Innovation aims to reduce collateral damage in Afghanistan
July 7, 2010
WARDAK PROVINCE, Afghanistan (July 2, 2010) -- While some commands severely restrict artillery fires, one task force in Afghanistan has taken active steps to reduce collateral damage by developing an alternative method.
Task Force King of the 173rd Airborne Brigade Combat Team came up with an alternative for indirect fire missions using solely high-explosive TNT.
Soldiers of the 4th Battalion, 319th Airborne Field Artillery Regiment, crafted a way to fire non-exploding training rounds in the adjustment phase, and then switch to a lethal round in the fire-for-effect phase. Using this method, fewer live rounds are fired, reducing collateral damage and civilian casualties.
"Our rules of engagement have been a challenge, because our enemy knows when we use artillery in a conventional fire fight there remains a very real possibility of unintended collateral damage," said Command Sgt. Maj. Dennis Woods, 4-319th AFAR. "In our efforts to avoid that, commanders have previously been far less inclined to use artillery. Insurgents are not stupid. This enemy has been using our ROE to avoid our fire support advantage... until now."
They brought artillery back into the fight in the east-central province of Wardak.
The less lethal training round in use is the M804A1 also known as the "smurf" round due to its blue color. It's a ballistic match for a live high explosive artillery round, meaning the round will have the same effects while in flight from the tube to the target. The difference is in the impact effects.
"The 173rd ABCT gives up nothing in terms of effectiveness," Woods said. "The fire-for-effect round is exactly where it would be had we fired all explosive artillery rounds. This new approach that we are using here is more sensitive to the environmental impact issues along with the cultural issues that affect Afghanistan citizens."
Woods said that because Afghanistan is an agrarian society, when high explosives are used, they contaminate the soil. When TNT, RDX, and HMX erode into the fields, crop yields can be harmed, so using less high-explosive rounds is good for Afghanistan's long-term future, as well as posing a far less likelihood for collateral damage.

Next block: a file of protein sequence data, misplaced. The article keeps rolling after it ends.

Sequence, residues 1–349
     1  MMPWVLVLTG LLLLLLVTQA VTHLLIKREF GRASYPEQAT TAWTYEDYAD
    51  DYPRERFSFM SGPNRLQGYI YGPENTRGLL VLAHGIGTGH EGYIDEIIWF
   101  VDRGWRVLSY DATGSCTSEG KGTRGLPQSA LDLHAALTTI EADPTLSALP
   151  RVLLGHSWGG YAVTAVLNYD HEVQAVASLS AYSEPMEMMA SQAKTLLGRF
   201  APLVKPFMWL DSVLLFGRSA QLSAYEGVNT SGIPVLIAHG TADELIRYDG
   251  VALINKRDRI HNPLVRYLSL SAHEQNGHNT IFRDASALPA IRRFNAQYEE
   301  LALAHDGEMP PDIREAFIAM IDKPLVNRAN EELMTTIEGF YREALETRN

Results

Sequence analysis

"The 173rd ABCT is aware how collateral damage separates us from the people. Since the people are the real objective, within a counterinsurgency war, our ability to increase public safety is the moral choice and the strategic choice that best delivers our vision."
By reducing civilian deaths and collateral damage, the Soldiers are meeting the objectives that support the counterinsurgency or COIN doctrine.
"The insurgents are choosing to fight among the people, employing them as human shields," Woods said, adding that insurgents also try to avoid artillery fire by hiding near protected structures.
"This technique allows us to pursue the enemy despite his use of human shields. We can fire closer to protected structures with less potential for collateral damage," he said.
Woods attributed the new technique to his Soldiers thinking outside the box to tailor fire effects and deliver "focused lethality."
Every 155mm M777A2 cannon crew in the 4-319th AFAR has the 'smurf' round on location.
"There aren't many armies that would go to this extent to increase public safety and reduce collateral damage like the 173rd Airborne is doing day in and day out," Woods said.
A Task Force King Soldier commented from Sayed Abad, "when the blue training round arrived on location, I asked 'why they are issuing us less lethal rounds'' After learning their purpose in reducing collateral damage, I then asked 'why we haven't been doing this for the last nine years''"
(Staff Sgt. Bruce Cobbeldick serves with Task Force Bayonet Public Affairs.)